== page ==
Monday, July 7, 2014

3 Classic Broadway Musicals that Need to Return to Broadway... Yesterday

As casting announcements of the spring '15 Broadway revival* of Rodgers and Hammerstein's The King and I keep trickling in, I can't help but realize that 1. Kelli O'Hara is the Mary Martin of today (aka: go-to R&H actress), and 2. It's about time The King and I was revived on Broadway. The last time it was on Broadway was in 1998, when it closed after almost two years. Just to give you some perspective, in 1998, two of the boys who won the Tony Award for Best Actor for Billy Elliot were only 4 years old. The other Billy was just 3. Now that we all feel old... It turns out there are a few other classic shows that you have probably seen performed locally, but have been distinctly absent from the Great White Way for too long. Here are my top 3:

Original 1945 playbill
Image courtesy:
PlaybillVault.com
3. Carousel
Broadway debut: 1945
Most recent time it was on Broadway: 1995
Number of Broadway revivals: 4
This R&H classic opened before the Tony Awards were around, so the show's awards were few, but since then, it has had four revivals, three of which were before 1960. The first four Broadway installments only got three total awards across the board, and never ran for more than two years. The most recent revival (1994) finally seemed to get the awards recognition it deserved, with five Tony Awards/nominations, including Best Revival of a Musical, Best Direction of a Musical, and of course Best Featured Actress in a Musical for Audra McDonald. Lesson: Put Audra McDonald in your show, and you'll win all the things, even if you only run for 11 months. #AudraWinsEveryTime #ButForReal

Watch this clip of Shirley Verett and the cast of the 1994 revival of Carousel (including Audra... Can you spot her?) sing "You'll Never Walk Alone" at the 1994 Tony Awards.


Original 1956 playbill
Image courtesy:
PlaybillVault.com
2. My Fair Lady
Broadway debut: 1956
Most recent time it was on Broadway: 1994
Number of Broadway revivals: 3
Lerner and Loewe's first big multi-award-winning Broadway hit won six of the ten Tony Awards for which it was nominated, including Best Musical and Actor. Running for six years, the original production has been the most successful version of My Fair Lady to date. Unfortunately, the revivals had only three Tony Award nominations combined, and none ran for even as long as a year. So I think it's definitely time to put another hit version of this show on Broadway! Casting suggestions?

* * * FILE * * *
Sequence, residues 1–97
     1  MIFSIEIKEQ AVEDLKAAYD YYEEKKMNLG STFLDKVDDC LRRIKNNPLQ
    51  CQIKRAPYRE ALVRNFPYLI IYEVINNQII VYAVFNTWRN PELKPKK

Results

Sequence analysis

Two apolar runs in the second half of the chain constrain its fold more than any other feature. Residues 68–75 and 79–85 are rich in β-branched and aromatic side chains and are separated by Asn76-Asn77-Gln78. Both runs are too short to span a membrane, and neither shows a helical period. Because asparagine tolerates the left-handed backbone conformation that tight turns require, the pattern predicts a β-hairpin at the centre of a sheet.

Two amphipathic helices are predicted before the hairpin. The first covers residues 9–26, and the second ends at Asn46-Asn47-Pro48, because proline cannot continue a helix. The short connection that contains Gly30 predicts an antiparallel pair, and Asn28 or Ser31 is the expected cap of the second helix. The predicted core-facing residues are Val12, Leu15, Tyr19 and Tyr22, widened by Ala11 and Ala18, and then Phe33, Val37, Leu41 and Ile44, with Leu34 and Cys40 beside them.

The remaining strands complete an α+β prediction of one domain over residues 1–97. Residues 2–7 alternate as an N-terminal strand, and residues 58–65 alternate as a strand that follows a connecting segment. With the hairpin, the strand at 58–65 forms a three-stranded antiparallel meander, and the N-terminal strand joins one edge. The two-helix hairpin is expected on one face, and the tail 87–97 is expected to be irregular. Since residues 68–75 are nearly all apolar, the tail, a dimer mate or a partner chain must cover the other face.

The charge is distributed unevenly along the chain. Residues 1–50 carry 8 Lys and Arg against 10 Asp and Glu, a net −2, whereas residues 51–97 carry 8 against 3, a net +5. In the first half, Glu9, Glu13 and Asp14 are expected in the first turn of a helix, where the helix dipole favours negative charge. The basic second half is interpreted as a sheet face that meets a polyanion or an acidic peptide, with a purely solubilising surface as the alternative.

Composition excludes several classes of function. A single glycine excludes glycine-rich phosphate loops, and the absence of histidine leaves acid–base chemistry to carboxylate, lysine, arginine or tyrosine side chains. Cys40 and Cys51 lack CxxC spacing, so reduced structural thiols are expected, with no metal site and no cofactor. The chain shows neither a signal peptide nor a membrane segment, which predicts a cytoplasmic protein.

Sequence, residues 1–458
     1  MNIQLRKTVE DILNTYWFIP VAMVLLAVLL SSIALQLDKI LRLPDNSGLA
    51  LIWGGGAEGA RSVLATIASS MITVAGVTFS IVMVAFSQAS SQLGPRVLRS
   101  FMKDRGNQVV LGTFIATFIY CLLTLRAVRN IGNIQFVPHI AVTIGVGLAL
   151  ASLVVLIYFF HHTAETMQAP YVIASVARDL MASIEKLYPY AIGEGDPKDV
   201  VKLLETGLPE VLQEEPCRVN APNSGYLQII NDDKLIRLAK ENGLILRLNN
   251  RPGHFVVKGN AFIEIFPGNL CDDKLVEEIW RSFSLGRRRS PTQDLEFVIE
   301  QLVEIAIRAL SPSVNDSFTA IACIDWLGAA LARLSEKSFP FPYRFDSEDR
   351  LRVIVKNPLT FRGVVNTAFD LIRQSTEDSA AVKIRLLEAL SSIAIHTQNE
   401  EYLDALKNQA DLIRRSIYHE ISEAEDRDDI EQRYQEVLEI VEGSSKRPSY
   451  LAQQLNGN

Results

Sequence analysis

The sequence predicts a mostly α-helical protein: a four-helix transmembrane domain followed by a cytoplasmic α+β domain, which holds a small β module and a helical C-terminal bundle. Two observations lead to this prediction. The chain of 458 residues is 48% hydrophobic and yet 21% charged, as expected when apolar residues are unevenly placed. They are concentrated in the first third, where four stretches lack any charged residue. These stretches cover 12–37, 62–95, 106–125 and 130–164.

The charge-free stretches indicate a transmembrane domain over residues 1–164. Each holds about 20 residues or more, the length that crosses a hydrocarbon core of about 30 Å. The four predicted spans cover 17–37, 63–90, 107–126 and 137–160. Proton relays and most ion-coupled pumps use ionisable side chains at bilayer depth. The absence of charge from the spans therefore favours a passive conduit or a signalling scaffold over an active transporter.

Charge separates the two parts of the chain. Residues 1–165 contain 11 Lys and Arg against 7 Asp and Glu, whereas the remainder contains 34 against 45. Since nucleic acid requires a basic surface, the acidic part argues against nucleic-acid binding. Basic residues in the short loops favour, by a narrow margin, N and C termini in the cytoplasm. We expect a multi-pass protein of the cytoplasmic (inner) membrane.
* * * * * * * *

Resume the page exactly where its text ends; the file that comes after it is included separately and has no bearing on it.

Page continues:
Check out this wonderful video of Julie Andrews and the original Broadway cast of My Fair Lady performing "Wouldn't it Be Loverly" on the Ed Sullivan Show... Not sure what year, but circa 1960 I imagine. She is completely perfect. Oh my goodness this clip is a gem!!


Second Oliver! playbill
Image courtesy:
PlaybillVault.com
1. Oliver!
Broadway debut: 1963
Most recent time it was on Broadway: 1984
Number of Broadway revivals: 2
The last time this show was on Broadway was before Phantom of the Opera or Les Miserables were thought of by anyone besides the creative teams. That's forever, y'all. Of course, I will give credit to the West End (ahem, Cameron Mackintosh) for reviving Oliver! in London back in 2009, starring the incredible Samantha Barks (now of Les Mis movie fame) as Nancy. But anyway, the original version of Lionel Bart's one-hit-wonder musical based on the Dickens novel, Oliver Twist, was a bit of a disappointment in terms of Tonys, garnering 10 nominations, but taking home only three. Then the only revival that received a nomination was in 1984. Despite the fact that Broadway legend Patti Lupone was playing Nancy (having already appeared in tons of Broadway shows, including her big break, Evita), it played 13 previews and a whopping 17 performances, receiving only one Tony nomination (not for Patti), which it lost. (Read an in-depth look at the Broadway productions of Oliver! here)

Watch this performance clip of Patti LuPone singing Nancy's showstopper, "As Long as He Needs Me," in 1984. She's just flawless, y'all!


So be looking out for headlines about these revivals, because I'm sure I'm not the only person who has noticed that these timeless hits need to be presented for the 21st century audiences. Though, I will say that I slightly shudder to think what changes might be made to these to make them suit the modern theatre-goer. We'll see.

Sally Henry www.BroadwayWorld.com/author/Sally-Henry // Twitter: www.twitter.com/bwayginger // Facebook: www.facebook.com/singularsensationbway

*a Broadway revival is a new production of a Broadway play or musical that has already been on Broadway in the past. This is as opposed to a Broadway production of a brand new show that has not been on Broadway before. Often, the point of revivals is to tweak a few things and give it a fresh look. Changes could include rearranging songs, changing lyrics, or in the case of West Side Story's most recent revival, changing some of the characterization and interpretation of the entire story.

Read More:
Oliver! on Broadway
My Fair Lady on Broadway
Carousel on Broadway

No comments:

Post a Comment